When we went to the staff training, there was a session on the SDGs and, once we had completed this training, I began to grow in confidence. I also did my own research on the SDGs so I arrived at camp fully prepared and excited to get started. I was placed in the ‘Be an Advocate’ zone and the activity I ran was called ‘Stand Up for Equality’. The SDGs that the activity focused on were 5-Gender Equality and 10-Reducing Inequalities. I was delighted to be running a workshop on equality as I believe that everyone deserves to be equal but that it is something we all are still struggling to achieve. I had attended the Use Your Voice international camp in England last year and I was excited to bring what I had learned at their advocacy session to this camp. We were going to run our activities four times a day and have around 30 girls per session.
Before I get into details about my activity, I want to make it clear that I could not have run any activity at all without all the other amazing staff in the ‘Be an Advocate’ zone, especially the zone leaders Niamh Teeling and Aisling O’Boyle. I had been really busy preparing my activity, but the amount of work that they put into that zone to make it enjoyable and educational, was second to none.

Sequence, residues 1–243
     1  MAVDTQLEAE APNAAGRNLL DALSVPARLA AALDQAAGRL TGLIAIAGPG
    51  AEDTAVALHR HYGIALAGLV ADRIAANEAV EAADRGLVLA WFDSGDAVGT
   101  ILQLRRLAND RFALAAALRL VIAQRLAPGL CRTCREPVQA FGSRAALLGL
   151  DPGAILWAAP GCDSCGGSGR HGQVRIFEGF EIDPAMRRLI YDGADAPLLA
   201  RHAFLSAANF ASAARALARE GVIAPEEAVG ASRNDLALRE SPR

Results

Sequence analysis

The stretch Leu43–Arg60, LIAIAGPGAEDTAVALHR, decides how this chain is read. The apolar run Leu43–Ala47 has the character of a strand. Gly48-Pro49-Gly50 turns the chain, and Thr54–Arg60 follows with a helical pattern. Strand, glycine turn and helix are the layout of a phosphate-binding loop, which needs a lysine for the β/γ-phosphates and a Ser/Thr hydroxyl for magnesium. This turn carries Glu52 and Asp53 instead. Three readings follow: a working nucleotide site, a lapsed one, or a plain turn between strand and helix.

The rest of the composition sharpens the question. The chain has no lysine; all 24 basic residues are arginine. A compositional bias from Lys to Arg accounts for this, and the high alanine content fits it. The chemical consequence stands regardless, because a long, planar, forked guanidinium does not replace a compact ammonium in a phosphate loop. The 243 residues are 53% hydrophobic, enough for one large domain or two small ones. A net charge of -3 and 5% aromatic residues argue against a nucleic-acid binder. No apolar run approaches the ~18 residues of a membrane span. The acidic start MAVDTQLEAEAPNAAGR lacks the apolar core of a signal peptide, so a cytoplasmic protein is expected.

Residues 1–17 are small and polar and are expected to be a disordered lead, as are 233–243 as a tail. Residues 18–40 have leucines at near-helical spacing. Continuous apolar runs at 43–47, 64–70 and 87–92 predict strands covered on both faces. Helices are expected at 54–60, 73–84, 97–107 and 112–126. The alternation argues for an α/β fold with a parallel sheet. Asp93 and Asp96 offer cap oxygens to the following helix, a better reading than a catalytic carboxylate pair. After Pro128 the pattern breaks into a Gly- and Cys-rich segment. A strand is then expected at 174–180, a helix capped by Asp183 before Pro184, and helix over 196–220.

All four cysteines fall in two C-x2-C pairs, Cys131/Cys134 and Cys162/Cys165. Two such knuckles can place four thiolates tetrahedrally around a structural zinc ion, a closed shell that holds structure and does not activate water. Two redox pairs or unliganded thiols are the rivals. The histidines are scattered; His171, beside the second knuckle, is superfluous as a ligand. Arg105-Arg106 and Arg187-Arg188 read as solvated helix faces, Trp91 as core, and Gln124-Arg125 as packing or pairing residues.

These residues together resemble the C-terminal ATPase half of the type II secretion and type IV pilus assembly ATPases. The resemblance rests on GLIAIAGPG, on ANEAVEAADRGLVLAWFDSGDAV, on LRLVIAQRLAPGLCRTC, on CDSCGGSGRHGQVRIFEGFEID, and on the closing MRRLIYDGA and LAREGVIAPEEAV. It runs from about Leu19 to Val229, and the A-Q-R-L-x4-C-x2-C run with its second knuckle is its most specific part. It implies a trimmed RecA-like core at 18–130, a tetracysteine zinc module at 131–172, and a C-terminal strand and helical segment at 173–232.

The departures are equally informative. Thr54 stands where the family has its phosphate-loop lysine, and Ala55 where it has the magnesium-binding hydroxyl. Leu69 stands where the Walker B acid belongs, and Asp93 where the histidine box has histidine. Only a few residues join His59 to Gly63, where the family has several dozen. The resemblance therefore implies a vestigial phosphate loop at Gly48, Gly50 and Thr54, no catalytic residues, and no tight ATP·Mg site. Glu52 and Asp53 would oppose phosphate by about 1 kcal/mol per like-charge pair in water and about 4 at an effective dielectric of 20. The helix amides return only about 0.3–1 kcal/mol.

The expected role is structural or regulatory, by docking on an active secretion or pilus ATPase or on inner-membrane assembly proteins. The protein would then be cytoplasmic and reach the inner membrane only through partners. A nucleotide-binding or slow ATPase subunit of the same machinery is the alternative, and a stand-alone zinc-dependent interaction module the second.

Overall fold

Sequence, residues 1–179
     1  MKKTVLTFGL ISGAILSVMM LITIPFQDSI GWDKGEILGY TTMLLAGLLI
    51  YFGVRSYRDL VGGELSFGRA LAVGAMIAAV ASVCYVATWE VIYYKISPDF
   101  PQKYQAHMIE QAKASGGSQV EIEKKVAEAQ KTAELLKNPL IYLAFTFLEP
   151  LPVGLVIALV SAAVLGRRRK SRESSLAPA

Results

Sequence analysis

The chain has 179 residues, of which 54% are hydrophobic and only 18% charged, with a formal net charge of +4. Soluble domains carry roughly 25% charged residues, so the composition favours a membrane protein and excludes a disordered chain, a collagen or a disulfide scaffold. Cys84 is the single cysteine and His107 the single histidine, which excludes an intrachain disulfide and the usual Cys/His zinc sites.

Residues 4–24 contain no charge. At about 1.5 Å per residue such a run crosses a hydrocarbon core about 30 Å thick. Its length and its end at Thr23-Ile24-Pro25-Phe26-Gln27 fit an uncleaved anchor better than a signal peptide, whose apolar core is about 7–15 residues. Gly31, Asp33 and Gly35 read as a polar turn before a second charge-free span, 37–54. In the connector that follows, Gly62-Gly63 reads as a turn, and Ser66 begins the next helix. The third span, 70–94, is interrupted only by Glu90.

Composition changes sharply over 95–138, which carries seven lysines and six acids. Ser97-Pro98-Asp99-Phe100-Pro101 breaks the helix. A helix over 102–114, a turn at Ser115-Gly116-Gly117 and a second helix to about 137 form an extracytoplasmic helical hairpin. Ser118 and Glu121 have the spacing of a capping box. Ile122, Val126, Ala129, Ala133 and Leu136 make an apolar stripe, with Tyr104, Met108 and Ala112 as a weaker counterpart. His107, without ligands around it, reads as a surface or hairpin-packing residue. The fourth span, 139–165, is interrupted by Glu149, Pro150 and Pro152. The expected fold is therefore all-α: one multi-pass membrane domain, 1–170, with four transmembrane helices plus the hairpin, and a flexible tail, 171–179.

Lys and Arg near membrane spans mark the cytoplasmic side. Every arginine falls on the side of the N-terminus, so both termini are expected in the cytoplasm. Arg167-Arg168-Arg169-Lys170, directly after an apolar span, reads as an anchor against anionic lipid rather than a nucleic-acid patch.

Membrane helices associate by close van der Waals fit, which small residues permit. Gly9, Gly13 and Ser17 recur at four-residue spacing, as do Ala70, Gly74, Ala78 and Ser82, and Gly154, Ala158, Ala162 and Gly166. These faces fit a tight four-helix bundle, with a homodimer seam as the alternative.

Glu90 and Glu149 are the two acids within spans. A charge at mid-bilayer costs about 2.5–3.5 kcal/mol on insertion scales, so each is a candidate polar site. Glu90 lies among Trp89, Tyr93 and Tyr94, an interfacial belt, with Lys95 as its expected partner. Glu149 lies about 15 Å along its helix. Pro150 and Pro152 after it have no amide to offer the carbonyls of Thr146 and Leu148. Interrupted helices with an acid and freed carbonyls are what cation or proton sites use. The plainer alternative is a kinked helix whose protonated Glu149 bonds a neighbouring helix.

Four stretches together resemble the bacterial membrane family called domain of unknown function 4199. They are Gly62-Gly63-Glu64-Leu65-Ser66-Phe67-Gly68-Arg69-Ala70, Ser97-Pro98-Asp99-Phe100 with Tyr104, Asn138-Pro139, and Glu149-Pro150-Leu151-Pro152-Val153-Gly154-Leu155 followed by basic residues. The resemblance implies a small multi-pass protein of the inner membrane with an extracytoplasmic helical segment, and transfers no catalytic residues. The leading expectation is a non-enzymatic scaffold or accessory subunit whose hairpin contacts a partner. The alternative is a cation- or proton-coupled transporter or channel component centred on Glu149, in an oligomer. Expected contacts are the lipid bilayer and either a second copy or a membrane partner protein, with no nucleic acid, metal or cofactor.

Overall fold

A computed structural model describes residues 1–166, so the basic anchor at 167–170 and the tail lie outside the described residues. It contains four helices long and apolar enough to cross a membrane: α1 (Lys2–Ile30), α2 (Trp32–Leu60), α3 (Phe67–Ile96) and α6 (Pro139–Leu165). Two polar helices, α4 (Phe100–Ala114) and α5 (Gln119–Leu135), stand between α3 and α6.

It was probably the most challenging zone. It was more educational and mostly based in classrooms. There was less running around and I was afraid that the girls would get bored easily. Nothing could have prepared me for the overwhelmingly positive response that I got from all of the Guides and Senior Branch members that walked through that classroom door over the week. Myself and two other staff members started the activity by asking the girls what they knew about advocacy, the SDGs and equality. At the beginning, the girls were all really quiet. However, once the brave person spoke first, we had great discussions about equality and how the girls could become advocates themselves.